What happens at present is that the Home Office (or Visa Officer or Entry Clearance Officer in an embassy abroad) will assess an application with family/private life elements under the relevant Immigration Rule, and then again under Article 8. The ‘refusal letter’ will typically set out both assessments. A failure to consider Article 8 at all will almost certainly cause a Tribunal to find that the decision was ‘not in accordance with the law’ for the purposes of Section 84(i)(f) of the Nationality Immigration & Asylum Act 2002, and new a decision will have to be taken – usually by the Tribunal itself.
So in a sense, the government is merely doing a tidying-up exercise, reuniting the Immigration Rules with the principles of Article 8 – so that ‘equity’ and ‘law’ are one in this area.
But Article 8 will not go away, and the extensive jurisprudence on it – from the Strasbourg and UK courts – will not go away either. According to the Statement of Intent
This does not mean that the Secretary of State and Parliament have the only say on what is proportionate. The Courts have a very clear role in determining the proportionality of the requirements in the Immigration Rules. It is for the State to demonstrate that measures that interfere with private and family life are proportionate. But a system of rules setting out what is or is not proportionate, outside of exceptional circumstances, is compatible with individual rights, as has been accepted by the Courts in other spheres, e.g. housing law. Where the rules have explicitly taken into account proportionality, the role of the Courts should shift from reviewing the proportionality of individual administrative decisions to reviewing the proportionality of the rules. 
This is a puzzling statement. It suggests that the ‘Courts’ – including the Asylum and Immigration Tribunal? – will not look at whether ‘individual administrative decisions’ are proportionate in Article 8 terms. The experience of Immigration Judges is that sometimes those decisions are wrong because officials have failed to give due weight to matters that show that the proposed interference with Article 8 rights is disproportionate: for example, where the official failed to appreciate that in a relationship between adult family members there are exceptionally close emotional ties, and real, committed and effective personal support – enough to bring the relationship within the protection of Article 8. The government appear to think that only a challenge to the rules themselves will be possible. It is not the role of the Tribunal to ‘review the proportionality of the rules’ – whatever this means. If the rules themselves do not comply with the ECHR, that is a matter for the higher courts to consider. Hitherto, the Tribunal has been required to determine each case on its own facts, and has the duty to make its own findings of fact – including findings about whether an adverse Article 8 decision was ‘proportionate’. If the plan is to restrict the Tribunal’s independent fact-finding and its ability to reach its own decisions on proportionality, it is arguable that appellants would be deprived of an ‘effective remedy’ for breaches of their human rights – something guaranteed under Article 13 of the Convention.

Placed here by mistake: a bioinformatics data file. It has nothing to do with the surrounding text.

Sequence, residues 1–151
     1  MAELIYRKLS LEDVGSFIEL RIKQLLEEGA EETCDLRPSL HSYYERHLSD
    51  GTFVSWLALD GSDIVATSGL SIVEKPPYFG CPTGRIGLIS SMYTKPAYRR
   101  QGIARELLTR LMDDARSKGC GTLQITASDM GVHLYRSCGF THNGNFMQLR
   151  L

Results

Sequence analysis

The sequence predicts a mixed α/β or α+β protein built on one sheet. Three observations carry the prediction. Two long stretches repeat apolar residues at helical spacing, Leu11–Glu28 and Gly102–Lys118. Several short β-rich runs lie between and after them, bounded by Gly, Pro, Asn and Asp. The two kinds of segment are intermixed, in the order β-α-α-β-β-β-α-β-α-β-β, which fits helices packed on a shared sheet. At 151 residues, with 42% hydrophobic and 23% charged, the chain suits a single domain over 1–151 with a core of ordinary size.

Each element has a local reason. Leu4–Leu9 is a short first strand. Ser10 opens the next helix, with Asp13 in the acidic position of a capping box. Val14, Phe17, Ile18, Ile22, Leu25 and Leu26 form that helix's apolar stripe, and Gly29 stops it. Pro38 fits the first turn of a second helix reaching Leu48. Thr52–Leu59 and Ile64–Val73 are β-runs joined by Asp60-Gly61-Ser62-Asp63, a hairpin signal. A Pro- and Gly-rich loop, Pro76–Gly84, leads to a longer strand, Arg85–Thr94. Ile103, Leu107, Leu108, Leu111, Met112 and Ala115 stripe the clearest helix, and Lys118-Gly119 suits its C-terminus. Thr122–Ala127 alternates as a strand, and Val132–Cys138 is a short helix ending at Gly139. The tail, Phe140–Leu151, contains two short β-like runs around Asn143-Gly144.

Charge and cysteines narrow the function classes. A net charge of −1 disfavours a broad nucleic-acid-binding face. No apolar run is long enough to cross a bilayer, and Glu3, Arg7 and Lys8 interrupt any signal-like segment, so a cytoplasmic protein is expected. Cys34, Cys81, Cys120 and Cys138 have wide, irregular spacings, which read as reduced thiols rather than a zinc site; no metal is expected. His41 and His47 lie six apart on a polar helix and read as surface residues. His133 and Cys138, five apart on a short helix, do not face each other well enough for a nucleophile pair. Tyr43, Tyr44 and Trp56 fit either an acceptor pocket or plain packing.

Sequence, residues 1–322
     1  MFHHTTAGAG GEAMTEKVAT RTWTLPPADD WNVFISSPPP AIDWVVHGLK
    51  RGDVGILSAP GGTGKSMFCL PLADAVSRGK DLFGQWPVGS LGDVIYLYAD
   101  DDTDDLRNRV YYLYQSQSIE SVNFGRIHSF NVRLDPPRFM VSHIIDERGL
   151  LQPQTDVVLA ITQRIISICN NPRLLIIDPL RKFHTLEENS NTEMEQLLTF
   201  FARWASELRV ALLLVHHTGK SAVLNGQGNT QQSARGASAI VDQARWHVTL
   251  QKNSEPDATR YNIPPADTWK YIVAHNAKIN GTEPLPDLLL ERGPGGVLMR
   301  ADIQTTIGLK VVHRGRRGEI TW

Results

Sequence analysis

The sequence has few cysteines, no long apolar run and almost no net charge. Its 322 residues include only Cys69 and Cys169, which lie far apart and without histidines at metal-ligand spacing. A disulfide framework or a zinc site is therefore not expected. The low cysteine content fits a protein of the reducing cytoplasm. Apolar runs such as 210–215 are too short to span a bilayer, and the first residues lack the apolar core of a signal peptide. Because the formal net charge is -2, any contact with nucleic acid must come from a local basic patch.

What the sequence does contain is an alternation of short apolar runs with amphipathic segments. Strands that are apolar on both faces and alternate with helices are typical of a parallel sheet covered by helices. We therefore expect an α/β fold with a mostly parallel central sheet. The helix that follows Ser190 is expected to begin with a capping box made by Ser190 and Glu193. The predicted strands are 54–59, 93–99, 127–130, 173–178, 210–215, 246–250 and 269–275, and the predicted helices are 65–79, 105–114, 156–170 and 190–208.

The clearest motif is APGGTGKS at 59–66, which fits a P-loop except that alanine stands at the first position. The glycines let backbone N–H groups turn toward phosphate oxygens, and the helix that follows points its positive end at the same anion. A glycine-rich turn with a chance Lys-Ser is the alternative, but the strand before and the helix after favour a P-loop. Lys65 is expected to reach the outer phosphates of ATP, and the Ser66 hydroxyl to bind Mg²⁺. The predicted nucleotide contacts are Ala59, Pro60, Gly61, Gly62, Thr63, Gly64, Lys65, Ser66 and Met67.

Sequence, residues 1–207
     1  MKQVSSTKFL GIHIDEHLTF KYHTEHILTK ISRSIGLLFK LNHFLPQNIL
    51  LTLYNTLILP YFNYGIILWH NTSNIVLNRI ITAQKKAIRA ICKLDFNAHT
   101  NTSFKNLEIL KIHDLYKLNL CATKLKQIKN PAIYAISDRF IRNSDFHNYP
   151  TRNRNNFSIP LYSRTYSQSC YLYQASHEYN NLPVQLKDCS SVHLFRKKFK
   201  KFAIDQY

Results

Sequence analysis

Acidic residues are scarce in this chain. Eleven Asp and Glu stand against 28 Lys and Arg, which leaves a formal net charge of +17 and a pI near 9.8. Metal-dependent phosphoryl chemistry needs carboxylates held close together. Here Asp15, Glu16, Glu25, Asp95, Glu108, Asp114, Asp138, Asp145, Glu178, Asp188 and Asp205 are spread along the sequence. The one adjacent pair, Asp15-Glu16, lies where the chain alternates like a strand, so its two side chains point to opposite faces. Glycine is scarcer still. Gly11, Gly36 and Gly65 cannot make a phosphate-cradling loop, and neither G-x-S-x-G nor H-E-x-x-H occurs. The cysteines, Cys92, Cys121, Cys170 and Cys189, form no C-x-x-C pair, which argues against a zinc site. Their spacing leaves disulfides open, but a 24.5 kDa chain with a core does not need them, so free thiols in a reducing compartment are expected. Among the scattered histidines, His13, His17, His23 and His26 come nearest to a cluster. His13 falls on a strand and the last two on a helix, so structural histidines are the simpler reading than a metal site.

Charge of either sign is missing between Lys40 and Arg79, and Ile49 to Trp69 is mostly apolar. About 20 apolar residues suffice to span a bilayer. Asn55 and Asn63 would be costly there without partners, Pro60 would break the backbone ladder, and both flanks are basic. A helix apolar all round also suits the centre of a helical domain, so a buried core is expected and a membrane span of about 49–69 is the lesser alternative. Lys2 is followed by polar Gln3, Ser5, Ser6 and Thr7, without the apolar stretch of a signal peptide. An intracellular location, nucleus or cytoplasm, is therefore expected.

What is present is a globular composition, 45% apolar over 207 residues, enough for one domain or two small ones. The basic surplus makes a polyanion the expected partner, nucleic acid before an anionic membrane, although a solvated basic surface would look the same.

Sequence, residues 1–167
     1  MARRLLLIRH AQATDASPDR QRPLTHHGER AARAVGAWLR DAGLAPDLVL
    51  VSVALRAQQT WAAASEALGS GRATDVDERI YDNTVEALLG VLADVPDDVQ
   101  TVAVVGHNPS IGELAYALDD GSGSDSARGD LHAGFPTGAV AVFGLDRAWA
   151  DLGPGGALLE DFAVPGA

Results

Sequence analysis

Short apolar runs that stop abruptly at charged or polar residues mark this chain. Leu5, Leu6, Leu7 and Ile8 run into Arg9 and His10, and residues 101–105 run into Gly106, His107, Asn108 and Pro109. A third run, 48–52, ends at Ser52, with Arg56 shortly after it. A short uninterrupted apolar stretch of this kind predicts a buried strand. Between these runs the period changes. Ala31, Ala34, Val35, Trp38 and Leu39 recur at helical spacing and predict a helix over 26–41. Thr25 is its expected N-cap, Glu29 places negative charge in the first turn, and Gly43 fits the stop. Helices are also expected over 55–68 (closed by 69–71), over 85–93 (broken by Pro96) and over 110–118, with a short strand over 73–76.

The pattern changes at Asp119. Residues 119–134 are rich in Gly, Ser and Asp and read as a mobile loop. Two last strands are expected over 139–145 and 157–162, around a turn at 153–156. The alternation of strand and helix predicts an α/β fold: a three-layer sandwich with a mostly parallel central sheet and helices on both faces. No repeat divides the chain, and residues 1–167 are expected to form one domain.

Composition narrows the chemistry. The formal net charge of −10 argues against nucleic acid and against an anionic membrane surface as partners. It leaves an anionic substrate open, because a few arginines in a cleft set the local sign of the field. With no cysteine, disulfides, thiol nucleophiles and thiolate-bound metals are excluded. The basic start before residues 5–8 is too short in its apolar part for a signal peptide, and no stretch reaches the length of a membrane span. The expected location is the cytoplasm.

It’s almost as if the Home Office don’t trust the Judges.